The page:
This provision is similar to Section 80 of the Code of Civil Procedure. It is not disputed that giving a notice in terms of the Section before filing of the suit against the Society is mandatory. In view of the Full Bench decision of the Madras High Court in Madhava Rao v. Surya Rao, : AIR1954Mad103 the words 'touching the business of a society' in Section 126 must be given their full import bearing in mind the object of the legislation. The disputes are not to be restricted to matters arising from and out of the business of the society, but are also (sic) (to be) extended to matters which are in some way concerned or related to the business of the society. The word 'business' is not used in a narrow sense. In order to determine the business of the society, one has to look into the provisions of the Act, the rules and the Bye-laws framed by the society. All matters comprised in them or incidental or are necessary for carrying out those matters must be deemed to be the business of the society.
5. In view of this decision, it has to be held that the suit relates to the business of the society, for it was filed in effect to set aside the claim order, which was in its terms filed when the standing crops of the plaintiffs were attached for arrears due to the Cooperative Society.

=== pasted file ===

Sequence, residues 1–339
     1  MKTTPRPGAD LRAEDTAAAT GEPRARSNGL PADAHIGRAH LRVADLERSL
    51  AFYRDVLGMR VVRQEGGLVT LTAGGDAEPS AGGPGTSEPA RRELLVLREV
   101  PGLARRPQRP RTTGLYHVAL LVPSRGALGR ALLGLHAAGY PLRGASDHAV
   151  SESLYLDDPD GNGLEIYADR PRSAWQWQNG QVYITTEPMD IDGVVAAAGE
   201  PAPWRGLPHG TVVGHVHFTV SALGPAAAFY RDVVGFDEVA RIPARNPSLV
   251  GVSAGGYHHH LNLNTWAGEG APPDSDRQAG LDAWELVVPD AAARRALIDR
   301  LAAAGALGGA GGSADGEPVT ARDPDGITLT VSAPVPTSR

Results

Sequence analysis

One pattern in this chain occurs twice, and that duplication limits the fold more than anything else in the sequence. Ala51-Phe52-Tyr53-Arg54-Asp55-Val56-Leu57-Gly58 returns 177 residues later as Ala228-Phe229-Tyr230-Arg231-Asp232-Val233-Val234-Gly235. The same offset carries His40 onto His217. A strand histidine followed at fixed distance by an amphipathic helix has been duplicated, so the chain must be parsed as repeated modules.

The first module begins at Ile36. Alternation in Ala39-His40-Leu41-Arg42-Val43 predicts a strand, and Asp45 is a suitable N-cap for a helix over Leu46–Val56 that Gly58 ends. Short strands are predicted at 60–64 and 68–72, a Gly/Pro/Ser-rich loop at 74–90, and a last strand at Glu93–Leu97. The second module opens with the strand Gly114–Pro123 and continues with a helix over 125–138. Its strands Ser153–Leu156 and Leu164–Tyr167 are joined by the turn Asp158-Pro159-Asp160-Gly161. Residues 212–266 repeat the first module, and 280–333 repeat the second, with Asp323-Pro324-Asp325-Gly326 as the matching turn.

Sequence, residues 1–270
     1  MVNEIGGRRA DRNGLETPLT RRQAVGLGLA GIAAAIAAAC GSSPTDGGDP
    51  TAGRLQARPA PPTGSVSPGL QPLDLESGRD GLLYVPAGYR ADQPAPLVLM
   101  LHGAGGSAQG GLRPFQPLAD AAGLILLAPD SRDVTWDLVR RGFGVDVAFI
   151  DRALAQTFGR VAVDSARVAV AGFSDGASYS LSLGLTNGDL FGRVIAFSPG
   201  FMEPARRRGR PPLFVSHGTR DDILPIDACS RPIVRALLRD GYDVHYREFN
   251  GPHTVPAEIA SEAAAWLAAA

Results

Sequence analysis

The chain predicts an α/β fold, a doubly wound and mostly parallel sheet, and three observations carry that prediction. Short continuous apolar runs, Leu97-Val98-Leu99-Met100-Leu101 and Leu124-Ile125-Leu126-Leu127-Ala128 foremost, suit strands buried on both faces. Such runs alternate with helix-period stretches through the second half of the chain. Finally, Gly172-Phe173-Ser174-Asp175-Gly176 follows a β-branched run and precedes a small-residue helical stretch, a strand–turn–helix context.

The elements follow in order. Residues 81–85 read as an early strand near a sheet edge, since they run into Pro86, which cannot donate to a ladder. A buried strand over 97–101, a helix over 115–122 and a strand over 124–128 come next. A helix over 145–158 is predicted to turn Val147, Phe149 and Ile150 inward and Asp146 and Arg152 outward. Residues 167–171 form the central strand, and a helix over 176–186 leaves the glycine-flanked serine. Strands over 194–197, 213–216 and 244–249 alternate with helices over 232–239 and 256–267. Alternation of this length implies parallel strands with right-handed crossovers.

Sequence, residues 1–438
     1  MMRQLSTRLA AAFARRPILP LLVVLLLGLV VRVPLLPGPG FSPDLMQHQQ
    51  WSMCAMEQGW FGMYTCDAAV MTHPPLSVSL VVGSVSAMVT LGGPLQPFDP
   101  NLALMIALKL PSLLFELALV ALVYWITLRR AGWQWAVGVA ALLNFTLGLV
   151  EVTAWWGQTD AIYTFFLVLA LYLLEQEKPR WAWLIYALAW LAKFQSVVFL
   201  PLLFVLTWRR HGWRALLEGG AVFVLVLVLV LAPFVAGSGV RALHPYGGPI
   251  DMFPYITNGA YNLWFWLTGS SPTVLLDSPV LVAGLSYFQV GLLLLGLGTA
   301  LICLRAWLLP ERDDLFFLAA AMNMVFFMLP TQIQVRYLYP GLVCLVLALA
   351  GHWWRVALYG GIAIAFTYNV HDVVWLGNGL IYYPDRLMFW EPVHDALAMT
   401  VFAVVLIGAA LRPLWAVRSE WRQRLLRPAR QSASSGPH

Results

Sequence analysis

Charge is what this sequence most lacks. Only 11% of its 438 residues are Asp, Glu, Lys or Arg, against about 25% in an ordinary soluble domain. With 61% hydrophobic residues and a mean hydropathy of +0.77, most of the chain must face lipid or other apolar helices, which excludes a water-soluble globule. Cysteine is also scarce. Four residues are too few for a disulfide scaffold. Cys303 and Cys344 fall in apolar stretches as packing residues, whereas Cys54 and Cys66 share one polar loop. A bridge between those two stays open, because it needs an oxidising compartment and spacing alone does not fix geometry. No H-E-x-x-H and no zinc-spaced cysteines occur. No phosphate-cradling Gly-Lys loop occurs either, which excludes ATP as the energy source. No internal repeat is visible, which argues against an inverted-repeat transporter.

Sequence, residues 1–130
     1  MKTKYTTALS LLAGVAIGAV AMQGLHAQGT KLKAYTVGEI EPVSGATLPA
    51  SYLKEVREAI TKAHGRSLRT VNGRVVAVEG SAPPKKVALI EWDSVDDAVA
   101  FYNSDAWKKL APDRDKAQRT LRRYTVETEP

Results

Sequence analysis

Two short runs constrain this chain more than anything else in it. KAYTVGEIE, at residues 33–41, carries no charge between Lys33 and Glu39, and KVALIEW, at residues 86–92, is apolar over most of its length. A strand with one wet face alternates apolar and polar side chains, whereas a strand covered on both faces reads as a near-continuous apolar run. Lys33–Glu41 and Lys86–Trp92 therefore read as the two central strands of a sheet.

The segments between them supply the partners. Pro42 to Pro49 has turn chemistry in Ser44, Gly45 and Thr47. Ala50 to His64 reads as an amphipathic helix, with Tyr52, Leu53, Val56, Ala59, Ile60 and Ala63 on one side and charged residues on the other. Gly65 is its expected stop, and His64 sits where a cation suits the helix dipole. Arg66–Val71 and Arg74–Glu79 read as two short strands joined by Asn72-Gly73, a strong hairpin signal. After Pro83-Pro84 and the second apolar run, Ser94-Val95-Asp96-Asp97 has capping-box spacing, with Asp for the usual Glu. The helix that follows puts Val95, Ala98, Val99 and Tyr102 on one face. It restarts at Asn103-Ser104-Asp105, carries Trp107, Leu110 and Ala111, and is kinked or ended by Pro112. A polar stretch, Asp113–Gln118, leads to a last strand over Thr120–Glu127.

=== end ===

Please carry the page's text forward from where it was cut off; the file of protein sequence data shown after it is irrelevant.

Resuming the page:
6. In Hussain Ali Mirza v. State of Andhra Pradesh, : AIR1963AP164 (supra) the question for consideration was whether a suit under Section 6 of the Government Demands Act (No. IV of 1308 Fasli) was maintainable, though the notice prescribed by Section 80. Civil Procedure Cede was not given by the plaintiff to the Government. The suit was dismissed on a preliminary ground that notice under Section 80, C. P. C. was not given.
7. After referring to Phul Kumari v. Gharishyam Misra, (1908) ILR 35 Cal 202 (PC); Raja of Ramnad v. Subramaniam Chettiar, (AIR 1928 Mad 1201); Venkataraju V. Suryanarayana, (AIR 1943 Mad 248) and Mahomed Yousuf v. Province of Madras, (AIR 1943 Mad 341) the learned Judges observed that a notice under Section 80, Civil P. C. need not be given before a suit under Order 21, Rule 63 could be filed, for that suit is in the nature of an appeal from the order passed on the Claim Petition. Then the learned Judge referred to the provisions of the Government Demands Act, and held that a suit filed under Section 6 of that Act was really a continuation of the proceedings initiated by the Taluqdar under that Act and, therefore, no notice under Section 80. C. P. C. was necessary before the suit was filed under that Act.